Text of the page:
It’s a constant battle: Between mulching, weeding, strimming, moving things from here to there, it is a ton of work for what doesn’t even end up paying the bills or taking care of the full diet. That said, viewed in the context of the broader project for demonstration and tourism, it may make sense, but what I saw is not a way to feed and cloth the world.
It seems like it offers a life of reasonable variety, happiness and fulfillment on a low budget, but that’s contingent on having the asset of land: Between both our hosts, they apparently earn on the order of 12,000 pounds a year, putting them well below the poverty line in either the US or UK. They eat very well, with loads of fresh vegetables and herb, and have close relationships with all kinds of different people around them, with friends popping over for tea or a beer or to discuss a project nearly every day. They walk with their dog through the nearby forest nature reserve to lovely beaches as part of their daily routine (see slideshow here). They regularly attend green festivals around the UK, many of which they organize themselves. Their lives seem fulfilling, connected, and while not particularly comfortable by American middle class standards (they live in a yurt, do their cooking in a trailer, and have all of their heating via firewood stoves), their lives don’t seem hard either.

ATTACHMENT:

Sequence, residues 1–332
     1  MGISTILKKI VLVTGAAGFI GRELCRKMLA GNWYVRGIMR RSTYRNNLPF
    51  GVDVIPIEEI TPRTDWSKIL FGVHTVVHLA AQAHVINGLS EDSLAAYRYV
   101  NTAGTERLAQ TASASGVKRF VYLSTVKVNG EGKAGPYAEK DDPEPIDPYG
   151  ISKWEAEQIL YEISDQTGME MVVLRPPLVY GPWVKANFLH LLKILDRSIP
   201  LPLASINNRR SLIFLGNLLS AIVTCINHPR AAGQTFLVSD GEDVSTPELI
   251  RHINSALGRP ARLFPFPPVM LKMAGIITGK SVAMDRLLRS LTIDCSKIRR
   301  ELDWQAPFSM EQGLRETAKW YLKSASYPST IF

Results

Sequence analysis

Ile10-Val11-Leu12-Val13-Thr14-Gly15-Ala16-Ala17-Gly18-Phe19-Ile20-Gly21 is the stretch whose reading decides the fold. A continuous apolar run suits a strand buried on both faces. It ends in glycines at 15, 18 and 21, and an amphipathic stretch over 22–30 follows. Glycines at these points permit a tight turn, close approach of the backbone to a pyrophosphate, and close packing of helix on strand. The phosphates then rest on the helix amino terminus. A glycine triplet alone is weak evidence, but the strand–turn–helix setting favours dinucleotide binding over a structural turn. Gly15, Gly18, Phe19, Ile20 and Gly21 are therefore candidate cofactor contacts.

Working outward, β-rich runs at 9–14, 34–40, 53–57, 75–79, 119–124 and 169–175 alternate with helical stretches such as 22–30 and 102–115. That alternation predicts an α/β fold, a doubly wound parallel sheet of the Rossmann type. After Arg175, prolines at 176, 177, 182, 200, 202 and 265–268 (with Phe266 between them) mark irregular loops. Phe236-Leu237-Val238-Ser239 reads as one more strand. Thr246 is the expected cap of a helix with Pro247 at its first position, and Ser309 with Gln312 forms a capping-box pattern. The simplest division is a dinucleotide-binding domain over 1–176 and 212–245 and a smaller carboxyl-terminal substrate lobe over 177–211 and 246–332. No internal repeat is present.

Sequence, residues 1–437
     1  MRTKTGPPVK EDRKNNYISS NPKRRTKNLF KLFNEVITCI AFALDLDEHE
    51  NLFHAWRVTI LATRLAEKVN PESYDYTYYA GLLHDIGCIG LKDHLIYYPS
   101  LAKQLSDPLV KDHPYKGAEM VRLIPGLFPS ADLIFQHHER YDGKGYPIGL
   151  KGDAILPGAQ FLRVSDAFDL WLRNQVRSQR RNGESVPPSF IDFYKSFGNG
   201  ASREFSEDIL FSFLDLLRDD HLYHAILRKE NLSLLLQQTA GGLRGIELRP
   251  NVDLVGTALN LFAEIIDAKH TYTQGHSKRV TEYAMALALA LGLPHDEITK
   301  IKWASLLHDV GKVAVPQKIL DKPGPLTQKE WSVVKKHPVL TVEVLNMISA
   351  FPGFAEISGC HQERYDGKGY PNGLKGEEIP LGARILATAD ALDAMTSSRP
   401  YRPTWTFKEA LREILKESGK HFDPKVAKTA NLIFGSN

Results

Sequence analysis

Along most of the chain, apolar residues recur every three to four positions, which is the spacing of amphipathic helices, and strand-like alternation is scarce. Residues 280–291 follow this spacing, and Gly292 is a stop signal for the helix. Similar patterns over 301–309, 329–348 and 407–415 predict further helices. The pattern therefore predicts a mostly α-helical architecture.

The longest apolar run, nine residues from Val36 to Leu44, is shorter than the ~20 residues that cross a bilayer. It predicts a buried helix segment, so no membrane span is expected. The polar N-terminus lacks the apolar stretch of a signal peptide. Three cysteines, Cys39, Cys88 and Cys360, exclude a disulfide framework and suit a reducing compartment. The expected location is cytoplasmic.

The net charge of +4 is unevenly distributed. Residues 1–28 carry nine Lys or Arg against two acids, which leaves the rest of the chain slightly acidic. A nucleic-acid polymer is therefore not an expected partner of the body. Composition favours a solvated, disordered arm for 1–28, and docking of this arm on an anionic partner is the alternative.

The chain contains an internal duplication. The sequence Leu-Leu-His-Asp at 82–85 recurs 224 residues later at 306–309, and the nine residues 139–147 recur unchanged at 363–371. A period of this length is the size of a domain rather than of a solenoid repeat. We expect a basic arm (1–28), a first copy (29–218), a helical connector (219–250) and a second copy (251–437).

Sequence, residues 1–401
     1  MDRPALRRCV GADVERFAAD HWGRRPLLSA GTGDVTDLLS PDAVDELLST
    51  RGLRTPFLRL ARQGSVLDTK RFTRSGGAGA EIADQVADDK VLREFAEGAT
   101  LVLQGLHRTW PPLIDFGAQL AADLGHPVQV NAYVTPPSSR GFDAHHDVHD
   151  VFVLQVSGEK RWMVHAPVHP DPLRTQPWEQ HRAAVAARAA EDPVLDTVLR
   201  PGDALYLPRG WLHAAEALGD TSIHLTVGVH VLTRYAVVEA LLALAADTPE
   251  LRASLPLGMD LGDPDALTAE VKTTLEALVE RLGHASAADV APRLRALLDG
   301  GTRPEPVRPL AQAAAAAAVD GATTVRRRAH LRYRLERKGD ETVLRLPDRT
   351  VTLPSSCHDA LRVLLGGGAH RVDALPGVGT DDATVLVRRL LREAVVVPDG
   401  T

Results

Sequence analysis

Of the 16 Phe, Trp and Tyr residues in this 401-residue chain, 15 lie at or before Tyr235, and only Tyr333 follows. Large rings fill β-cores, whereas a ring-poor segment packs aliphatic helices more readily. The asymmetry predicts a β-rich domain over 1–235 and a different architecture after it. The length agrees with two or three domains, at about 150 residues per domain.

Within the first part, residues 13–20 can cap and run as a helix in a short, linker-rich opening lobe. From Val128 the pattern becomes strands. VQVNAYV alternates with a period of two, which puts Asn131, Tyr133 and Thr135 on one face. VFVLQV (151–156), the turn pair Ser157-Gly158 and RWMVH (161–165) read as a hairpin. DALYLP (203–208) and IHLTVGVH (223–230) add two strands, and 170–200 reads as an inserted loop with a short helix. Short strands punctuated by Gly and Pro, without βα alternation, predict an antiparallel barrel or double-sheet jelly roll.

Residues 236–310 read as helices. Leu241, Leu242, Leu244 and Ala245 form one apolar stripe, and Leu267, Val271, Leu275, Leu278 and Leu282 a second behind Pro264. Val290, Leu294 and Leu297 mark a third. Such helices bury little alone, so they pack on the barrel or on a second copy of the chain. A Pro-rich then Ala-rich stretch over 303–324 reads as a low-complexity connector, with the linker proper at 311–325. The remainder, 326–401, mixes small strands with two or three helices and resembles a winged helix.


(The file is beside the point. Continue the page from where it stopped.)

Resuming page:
At the same time, the land was paid for by their parents, and I have no idea how much it was worth. What kind of comparison can be made across income sitting on an asset like that (particularly since much of the nice things about their life seems to come from it), I don’t know, so it’s hard to talk about it being anything like a model without addressing deeper issues of land distribution.
It takes a lot of different skills to make it work, though not insurmountable: Between the two of them, they have building skills, forestry skills, growing skills, planning skills, design skills, and computer skills, many of which they need to apply in different constellations to their own project and to eking out a flexible living to support it. These aren’t impossible things to develop, but it may represent a lot relative to the output (though again I don’t really know how to weigh it, and ultimately it’s hard to say without seeing how the rest of the project turns out).
My personal experience with it:
I like the relative quiet and the easy flow of my mind into the simple task at hand. I like the unstructured teaching that comes from dealing with nature in less constrained ways. I like living in a way that is more varied and built around creating and growing rather than consuming. I dislike the deep dependence on a car for human contact and services. I dislike being damp all the time (though this could just be England). I dislike everything smelling like firewood smoke. From this experience alone, I wonder whether I feel more comfortable in towns, surrounded by the familiar energy of other humans and the shorter sightlines and inadvertent artwork of their living spaces. But there is so much that I love about the country that I could also imagine that changing, particularly as I age and the land becomes an ever more valuable teacher of grace.
You can find pictures of the experience in our post here.